Mickey Gilley - Make The World Go Away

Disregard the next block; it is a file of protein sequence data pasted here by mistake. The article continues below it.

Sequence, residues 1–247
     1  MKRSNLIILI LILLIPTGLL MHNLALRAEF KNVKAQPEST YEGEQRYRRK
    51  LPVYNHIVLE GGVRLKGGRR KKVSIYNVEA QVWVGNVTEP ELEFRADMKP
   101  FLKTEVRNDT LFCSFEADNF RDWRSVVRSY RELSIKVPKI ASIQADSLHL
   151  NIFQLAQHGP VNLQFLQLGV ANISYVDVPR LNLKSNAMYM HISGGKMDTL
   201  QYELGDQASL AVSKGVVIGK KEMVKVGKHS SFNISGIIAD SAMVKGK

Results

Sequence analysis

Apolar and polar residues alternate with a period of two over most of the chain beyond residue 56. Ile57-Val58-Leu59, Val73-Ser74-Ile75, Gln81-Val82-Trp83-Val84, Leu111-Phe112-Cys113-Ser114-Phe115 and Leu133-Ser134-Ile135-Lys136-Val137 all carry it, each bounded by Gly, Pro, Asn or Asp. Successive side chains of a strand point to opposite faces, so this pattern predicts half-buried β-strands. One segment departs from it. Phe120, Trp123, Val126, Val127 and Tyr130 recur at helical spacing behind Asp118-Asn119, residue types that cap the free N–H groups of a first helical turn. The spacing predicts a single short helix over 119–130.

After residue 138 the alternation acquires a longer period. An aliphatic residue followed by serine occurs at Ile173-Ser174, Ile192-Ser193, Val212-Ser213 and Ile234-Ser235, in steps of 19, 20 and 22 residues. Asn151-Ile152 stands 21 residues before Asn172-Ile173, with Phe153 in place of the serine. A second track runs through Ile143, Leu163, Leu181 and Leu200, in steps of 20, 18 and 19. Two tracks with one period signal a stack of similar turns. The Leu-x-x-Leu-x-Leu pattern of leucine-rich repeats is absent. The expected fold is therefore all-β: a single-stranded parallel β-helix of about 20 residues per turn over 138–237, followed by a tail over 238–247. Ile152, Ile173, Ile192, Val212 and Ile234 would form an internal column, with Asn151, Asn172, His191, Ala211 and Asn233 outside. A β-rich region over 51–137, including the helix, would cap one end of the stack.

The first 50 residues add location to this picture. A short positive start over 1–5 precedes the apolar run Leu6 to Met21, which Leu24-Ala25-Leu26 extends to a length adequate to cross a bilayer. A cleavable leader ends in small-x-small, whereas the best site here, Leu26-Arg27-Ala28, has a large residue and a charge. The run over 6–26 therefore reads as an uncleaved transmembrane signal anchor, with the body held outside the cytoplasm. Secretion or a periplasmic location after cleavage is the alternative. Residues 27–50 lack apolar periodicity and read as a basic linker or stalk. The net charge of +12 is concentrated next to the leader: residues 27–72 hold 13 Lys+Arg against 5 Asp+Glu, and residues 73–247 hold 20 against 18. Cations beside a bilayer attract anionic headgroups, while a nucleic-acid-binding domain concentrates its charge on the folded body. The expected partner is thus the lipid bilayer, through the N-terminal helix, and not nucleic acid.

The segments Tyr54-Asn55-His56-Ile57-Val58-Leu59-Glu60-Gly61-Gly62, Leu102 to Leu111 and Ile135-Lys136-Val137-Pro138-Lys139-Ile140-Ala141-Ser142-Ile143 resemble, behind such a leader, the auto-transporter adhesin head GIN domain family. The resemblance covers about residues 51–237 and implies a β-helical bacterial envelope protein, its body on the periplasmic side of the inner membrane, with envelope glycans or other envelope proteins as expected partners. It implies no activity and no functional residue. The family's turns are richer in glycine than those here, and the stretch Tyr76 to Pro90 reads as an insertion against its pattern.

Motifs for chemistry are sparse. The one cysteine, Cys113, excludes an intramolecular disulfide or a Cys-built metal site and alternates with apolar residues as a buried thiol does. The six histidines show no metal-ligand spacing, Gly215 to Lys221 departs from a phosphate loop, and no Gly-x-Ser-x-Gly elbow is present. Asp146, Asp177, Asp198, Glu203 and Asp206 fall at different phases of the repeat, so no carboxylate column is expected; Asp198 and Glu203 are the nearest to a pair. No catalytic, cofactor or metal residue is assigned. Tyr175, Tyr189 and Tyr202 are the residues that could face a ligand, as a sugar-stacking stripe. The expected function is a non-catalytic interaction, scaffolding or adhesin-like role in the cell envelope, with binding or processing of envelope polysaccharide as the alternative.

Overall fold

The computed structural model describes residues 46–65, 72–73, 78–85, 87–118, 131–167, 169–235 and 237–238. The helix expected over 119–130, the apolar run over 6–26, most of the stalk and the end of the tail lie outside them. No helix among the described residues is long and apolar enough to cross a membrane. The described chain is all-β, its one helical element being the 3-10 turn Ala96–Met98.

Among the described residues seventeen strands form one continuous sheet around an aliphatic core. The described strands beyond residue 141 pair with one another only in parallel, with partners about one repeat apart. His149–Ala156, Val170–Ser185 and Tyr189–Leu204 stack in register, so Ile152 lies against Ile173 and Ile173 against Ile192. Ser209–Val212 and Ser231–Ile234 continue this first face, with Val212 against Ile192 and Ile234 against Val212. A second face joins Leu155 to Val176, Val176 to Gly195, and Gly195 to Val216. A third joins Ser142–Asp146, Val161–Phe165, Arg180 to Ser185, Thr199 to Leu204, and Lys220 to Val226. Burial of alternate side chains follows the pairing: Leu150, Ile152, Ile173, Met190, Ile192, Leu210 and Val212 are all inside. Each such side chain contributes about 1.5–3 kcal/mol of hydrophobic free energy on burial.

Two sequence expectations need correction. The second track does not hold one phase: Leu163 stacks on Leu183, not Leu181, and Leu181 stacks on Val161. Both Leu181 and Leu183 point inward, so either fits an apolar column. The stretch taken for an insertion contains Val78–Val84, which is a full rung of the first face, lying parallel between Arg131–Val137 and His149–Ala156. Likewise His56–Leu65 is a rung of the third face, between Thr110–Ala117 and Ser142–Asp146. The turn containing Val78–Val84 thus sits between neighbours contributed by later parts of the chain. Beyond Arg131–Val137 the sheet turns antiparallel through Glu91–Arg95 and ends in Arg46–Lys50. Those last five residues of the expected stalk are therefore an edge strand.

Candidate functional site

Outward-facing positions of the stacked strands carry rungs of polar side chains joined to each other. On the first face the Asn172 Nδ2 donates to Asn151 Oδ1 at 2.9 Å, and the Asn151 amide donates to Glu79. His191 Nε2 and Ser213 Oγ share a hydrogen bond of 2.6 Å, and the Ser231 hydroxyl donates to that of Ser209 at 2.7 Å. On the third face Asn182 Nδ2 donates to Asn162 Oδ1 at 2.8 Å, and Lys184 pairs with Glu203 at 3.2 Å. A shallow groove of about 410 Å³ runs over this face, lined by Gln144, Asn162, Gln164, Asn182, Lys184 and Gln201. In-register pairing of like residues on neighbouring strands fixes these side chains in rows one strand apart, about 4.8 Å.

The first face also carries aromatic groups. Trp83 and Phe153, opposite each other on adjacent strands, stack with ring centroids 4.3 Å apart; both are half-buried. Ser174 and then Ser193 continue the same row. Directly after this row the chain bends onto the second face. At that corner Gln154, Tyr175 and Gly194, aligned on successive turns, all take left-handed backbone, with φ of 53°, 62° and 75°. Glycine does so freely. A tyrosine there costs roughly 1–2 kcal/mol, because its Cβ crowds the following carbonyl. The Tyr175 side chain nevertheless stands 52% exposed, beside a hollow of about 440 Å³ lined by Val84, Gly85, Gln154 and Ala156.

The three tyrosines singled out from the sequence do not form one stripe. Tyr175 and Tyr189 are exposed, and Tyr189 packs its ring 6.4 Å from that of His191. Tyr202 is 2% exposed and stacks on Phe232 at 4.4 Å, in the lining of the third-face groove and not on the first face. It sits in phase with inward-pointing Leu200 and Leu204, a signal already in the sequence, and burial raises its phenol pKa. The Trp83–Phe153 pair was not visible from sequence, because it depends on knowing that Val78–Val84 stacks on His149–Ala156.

Mickey Leroy Gilley was born 9th March 1936 in Natchez, Mississippi. Best known as a Country music singer and piano player, he moved to Houston at age 17 and began playing rock n roll in local clubs, cutting "Tell Me Why" and "Oo-ee-baby" for the local Minor label. He experienced little success on a succession of labels - Dot (Memphis), Rex (New Orleans), Khoury (Lake Charles, Louisiana) until in 1960 he cut "Is It Wrong" for Potomac which became a regional hit. Sadly, the label folded and Mickey continued trying on the Lynn, Sabra and Princess labels. He was performing very much in the rock n roll piano style of his cousin Jerry Lee Lewis (and another cousin, the Reverend Jimmy Swaggart). He formed his own label, Astro in 1964 and cut an album named after a Lewis success "Down the Line". Re-issued on Paula, the album was a regional hit. The big time, however, continued to elude him although he had a minor hit with "Now I Can Live Again" from the album. At an Astro session he laid down a version of George Morgan's old hit "Room Full of Roses" which attracted airplay locally and was picked up for national release by Hugh Heffner's Playboy label. It hit No. 1 in the Country charts. After 12 further hits with the label, Playboy was taken over by Epic and Gilley moved there for his most consistent run of album and singles success. He was now performing straight-up piano-led Country material. Gradually, he moved towards a more pop-orientated sound in the 1980s, which brought him further success on not just the Country charts, but also the Pop charts. Before that, however, he had a string of Country hits throughout the 70s, often revivals like "I Overlooked An Orchid" (Carl Smith - No. 1, 1974), "City Lights" (Bill Anderson - No. 1 1975), "Window Up Above" (George Jones - No. 1 1975), "Bring It On Home" (Sam Cooke - No. 1 1976). His mix of rockabilly, honky tonk and uptown Country provided more hits with "Chains of Love" (No. 9, 1977) "Honky Tonk Memories" (No. 4, 1977) and "Here Comes The Hurt Again" (No. 9,1978). In all, Gilley had 33 Top 10 singles, 17 of which reached No. 1, on the US Country chart between 1974 and 1986. Amongst the biggest hits were "Don't the Girls All Get Prettier at Closing Time,"(No. 1) "Overnight Sensation" (No. 7, both 1976), remakes of the Ben E King hit "Stand By Me" and Buddy Holly's "True Love Ways" (both No. 1s in 1980). In 1971 he lent his name to the opening the famous country nightclub Gilley's in Pasadena, Texas. His career received a big boost when both the club and his music featured prominently in the 1980 film "Urban Cowboy". The soundtrack included the Buddy Holly cover which went to No. 1. The club closed in 1989 and the building was heavily damaged by arson later that year. A new Gilley's club opened in 2003 in the Dallas-Fort Worth area. And Gilley's Theatre and Diner in Branson saw the singer take up a successful residency in that Missouri city. His most recent successful recording activity was in 1988 when he released "Chasin' Rainbows" on Airborne which produced his last Top 40 single to date when "She Reminded Me Of You" reached No 23 in the Country charts. In July 2009, Gilly suffered a back injury in a fall and was airlifted to Houston for medical treatment but subsequently returned to Branson and performing in his theatre there. He has a Facebook information page on which he sends regular video messages to members. A recent joint biography about the three cousins, Jerry Lee Lewis, Jimmy Swaggert and Mickey, called "Unconquered" by J D Davis is a must for any fan of their music, rock n roll, Country and gospel music. User-contributed text is available under the Creative Commons By-SA License and may also be available under the GNU FDL.